I just noticed that I get tons of deprecated warnings in the latest (canary) build of Chrome.

event.layerX and event.layerY are broken and deprecated in WebKit. They will be removed from the engine in the near future.

Looks like jQuery is screwing thing up.

I'm using: jquery-1.6.1.min.js.

Would it help to upgrade to the latest jQuery version or isn't it fixed yet or is it a Chrome bug or is it something else.


I cannot show you code because I think it's a general error, but I suspect the warnings get thrown when I try to access a jQuery object or when jQuery tries to access the layerX / layerY (well I'm pretty sure that's the case considering the error :P).

jQuery probably copies those properties into the jQuery object.


What's going on?


jQuery 1.7 is out and fixes this issue.

Read more at their blog, here.

  • 1
    Just noticed this today, as well. – Dusda Oct 20 '11 at 2:42
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    jQuery 1.7 is still throw the warning seems not yet fixed....... – Krish Feb 21 '12 at 10:45
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    @Stuart.Sklinar I don't know whether you also code in PHP, but if you do I'm pretty sure you also use @ to suppress errors. – PeeHaa Apr 11 '12 at 20:42
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    chrome only groups similar errors if there have been no interim errors in between. So the issue is really, that it makes it more cumbersome to use the console for debugging. Its an irritant, but as yet I dont think any jQuery functionality is actually broken – carpii May 28 '12 at 4:00
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    It's worth noting, for posterity, that WebKit (bug 86264) has backed off from their decision to deprecate layerX and layerY, at least until they give it more careful consideration. It's also worth noting that IE recently added layerX and layerY after not having it until version 9. My guess is these properties aren't going away -- at least until there is a suitable W3C replacement, which won't be soon. The warnings are gone in recent versions of WebKit. – Nathan Wall Sep 6 '12 at 3:44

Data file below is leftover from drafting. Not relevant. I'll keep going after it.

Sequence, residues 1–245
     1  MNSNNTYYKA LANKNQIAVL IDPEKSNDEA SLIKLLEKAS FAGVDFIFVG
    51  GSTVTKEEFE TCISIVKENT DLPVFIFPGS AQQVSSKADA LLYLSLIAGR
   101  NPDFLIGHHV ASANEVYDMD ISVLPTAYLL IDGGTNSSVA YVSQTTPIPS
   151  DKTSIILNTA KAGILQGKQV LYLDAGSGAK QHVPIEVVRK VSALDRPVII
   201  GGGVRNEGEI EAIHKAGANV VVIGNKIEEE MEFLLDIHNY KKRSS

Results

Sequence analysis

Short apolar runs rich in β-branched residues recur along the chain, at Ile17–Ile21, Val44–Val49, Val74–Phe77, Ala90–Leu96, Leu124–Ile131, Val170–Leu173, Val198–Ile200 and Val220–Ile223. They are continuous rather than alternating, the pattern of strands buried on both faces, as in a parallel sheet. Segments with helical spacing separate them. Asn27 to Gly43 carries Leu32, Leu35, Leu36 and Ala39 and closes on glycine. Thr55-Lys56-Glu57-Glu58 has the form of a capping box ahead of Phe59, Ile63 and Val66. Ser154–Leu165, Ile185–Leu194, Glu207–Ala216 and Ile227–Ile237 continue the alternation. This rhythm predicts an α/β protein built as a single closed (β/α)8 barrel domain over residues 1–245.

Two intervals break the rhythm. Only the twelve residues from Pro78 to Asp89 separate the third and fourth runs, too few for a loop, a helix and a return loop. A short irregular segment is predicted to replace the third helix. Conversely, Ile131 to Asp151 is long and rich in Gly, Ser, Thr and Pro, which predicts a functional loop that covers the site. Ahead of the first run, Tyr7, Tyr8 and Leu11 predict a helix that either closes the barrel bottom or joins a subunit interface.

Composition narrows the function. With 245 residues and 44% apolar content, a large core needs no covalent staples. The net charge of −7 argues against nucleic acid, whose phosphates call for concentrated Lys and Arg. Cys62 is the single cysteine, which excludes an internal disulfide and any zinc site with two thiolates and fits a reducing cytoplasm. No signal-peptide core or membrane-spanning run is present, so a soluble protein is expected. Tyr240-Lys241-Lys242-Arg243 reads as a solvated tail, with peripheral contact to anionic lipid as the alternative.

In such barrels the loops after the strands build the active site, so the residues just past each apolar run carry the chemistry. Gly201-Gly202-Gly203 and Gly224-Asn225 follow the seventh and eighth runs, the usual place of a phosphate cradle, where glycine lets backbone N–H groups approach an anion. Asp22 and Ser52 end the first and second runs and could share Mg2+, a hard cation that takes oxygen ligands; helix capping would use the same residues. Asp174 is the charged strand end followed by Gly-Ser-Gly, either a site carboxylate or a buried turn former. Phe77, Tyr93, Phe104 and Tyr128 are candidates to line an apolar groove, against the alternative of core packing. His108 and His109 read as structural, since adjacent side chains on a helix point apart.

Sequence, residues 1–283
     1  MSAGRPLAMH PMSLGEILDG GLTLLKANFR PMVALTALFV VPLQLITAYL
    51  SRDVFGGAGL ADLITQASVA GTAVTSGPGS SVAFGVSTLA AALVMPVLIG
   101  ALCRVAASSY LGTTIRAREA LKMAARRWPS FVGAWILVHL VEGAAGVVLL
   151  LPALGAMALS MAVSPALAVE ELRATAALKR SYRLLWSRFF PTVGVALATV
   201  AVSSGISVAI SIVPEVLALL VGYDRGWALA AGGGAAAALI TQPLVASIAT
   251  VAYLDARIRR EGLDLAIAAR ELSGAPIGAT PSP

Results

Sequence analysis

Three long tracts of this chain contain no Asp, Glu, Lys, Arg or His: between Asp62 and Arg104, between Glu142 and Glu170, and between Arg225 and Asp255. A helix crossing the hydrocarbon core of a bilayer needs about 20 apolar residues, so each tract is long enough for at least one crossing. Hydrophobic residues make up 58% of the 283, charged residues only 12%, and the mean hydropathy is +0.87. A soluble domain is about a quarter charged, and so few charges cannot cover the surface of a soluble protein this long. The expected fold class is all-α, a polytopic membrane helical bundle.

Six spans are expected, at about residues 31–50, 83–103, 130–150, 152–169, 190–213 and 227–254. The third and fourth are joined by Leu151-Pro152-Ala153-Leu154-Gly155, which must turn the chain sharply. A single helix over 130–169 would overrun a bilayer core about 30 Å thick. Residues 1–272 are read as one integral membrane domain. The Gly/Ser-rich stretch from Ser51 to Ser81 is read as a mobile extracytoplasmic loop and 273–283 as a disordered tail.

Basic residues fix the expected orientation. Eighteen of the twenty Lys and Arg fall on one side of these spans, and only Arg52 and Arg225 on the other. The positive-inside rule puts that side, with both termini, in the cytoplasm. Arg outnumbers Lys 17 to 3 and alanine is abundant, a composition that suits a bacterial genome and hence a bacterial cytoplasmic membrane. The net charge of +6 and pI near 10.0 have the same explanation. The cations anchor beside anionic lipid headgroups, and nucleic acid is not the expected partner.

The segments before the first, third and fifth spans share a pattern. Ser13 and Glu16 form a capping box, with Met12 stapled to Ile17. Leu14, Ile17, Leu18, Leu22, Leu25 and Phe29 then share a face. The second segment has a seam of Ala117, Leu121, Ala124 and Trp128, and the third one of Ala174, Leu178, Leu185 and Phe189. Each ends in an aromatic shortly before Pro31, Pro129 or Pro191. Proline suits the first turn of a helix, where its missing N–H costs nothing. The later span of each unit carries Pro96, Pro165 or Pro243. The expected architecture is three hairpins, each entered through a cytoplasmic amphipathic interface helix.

What's going on!?

"jQuery probably copies those properties into the jQuery object." You're exactly correct, so it sounds like you already know! :)

Hopefully jQuery will update their code to stop touching that, but at the same time WebKit should have known better than to log a deprecation warning on an event (at least in my opinion). One mousemove handler and your console explodes. :)

Here's a recent jQuery ticket: http://bugs.jquery.com/ticket/10531

UPDATE: This is fixed now if you upgrade to jQuery 1.7.

Please note that if upgrading jQuery doesn't fix the issue for you it may have something to do with used extensions / plugins as Jake stated in his answer.

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    @Neal in jQuery 1.7 it will be removed according to the ticket – sensor Oct 26 '11 at 11:38
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    I still see them in jQ 1.7 – Victor S Dec 18 '11 at 16:11
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    And i still see them in jQ 1.7.1. So doesen't seem to be fixed. – Paparappa Dec 19 '11 at 14:31
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    I agree with 1.7.1, warnings disappeared ! Thanks. – Jk_ Dec 26 '11 at 10:14